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Boz Scaggs Concert Review; DTE Theatre 2011

Boz Scaggs/Michael McDonald pairing brings a musical time capsule to DTE

Gary Graff / Journal Register Newspapers
July 28, 2011

INDEPENDENCE TWP. — Amidst the rain, thunder and a little bit of lightning, a small but exuberant crowd partied like it was 1978 — or so — Wednesday night (July 27) at the DTE Energy Music Theatre.

The soundtrack was provided by Boz Scaggs and Michael McDonald, two veterans who have long straddled the pop/rock/R&B divides with smooth musicianship, tight arrangements and enough hooks to catch half the carp in the Detroit River. Each has a Grammy Award-winning track record of hits, and on Wednesday, as the duo closed its summer tour, nobody at DTE minded that at this point those favorites came three decades ago. Or more.

McDonald, whose voice is as gutbucket and emotive as Scaggs' is rich and silky, opened the night with 75 minutes drawn mostly from his days with the Doobie Brothers — including the show starters "You Belong to Me" and "It Keeps You Runnin' " along with "Minute By Minute," "What a Fool Believes" and "Takin' It to the Streets" — and, appropriately, from his two Motown covers albums. Fronting Scaggs' band, the singer, songwriter and pianist tucked into staples such as Marvin Gaye’s "I Heard It Through the Grapevine," Stevie Wonder's "Living For the City" and the Gaye-Tammi Terrell duets "Ain’t Nothing Like the Real Thing" and "Ain’t No Mountain High Enough," all of which were appreciated in Motown’s birthplace.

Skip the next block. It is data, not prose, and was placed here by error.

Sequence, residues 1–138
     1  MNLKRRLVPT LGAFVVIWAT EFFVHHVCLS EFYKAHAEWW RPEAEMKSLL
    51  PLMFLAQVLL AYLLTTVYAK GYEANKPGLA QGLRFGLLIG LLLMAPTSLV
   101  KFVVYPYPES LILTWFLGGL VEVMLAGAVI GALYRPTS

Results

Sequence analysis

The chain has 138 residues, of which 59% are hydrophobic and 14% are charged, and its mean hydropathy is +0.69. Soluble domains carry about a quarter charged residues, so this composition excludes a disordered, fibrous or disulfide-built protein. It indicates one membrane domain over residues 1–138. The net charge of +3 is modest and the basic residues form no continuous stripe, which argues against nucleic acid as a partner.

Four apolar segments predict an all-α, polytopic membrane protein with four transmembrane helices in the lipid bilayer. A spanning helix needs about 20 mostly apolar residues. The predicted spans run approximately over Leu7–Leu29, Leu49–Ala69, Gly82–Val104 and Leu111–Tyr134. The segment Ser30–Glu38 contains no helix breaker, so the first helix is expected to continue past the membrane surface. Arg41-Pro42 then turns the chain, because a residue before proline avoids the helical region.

And a selection of post-Doobies solo hits from the 80s — "Sweet Freedom," "I Keep Forgettin' (Every Time You're Near)," "Yah Mo B There" — only underscored how much popular, and enduring, music McDonald has crafted during his career.

Scaggs, meanwhile, devoted a good chunk of his 12-song set to his multiplatinum "Silk Degrees" album, which turns 35 this year, playing half of its 10 songs including the show-opening "What Can I Say," "Georgia," "Harbor Lights," the Grammy-winning "Lowdown" and "Lido Shuffle." He continued to mine the 70s for hits such as "JoJo, "Miss Sun," "Breakdown Dead Ahead" and "Look What You've Done to Me," though he also pulled out "Thanks To You" from his 2001 album "Dig" and really lit things up with his New Orleans-flavored "Sick & Tired."

Scaggs and McDonald joined forces for the encores, making up for an overdone version of Leonard Cohen’s "Hallelujah" with spirited romps through Joe Simon’s "Drowning in a Sea of Love," Chuck Berry's "You Never Can Tell" and the Impressions, "It's All Right." And, given that they used the same band, it made you wish the entire evening had been more collaborative, perhaps alternating performances and playing a few more things together rather than the more conventional and individual approach.

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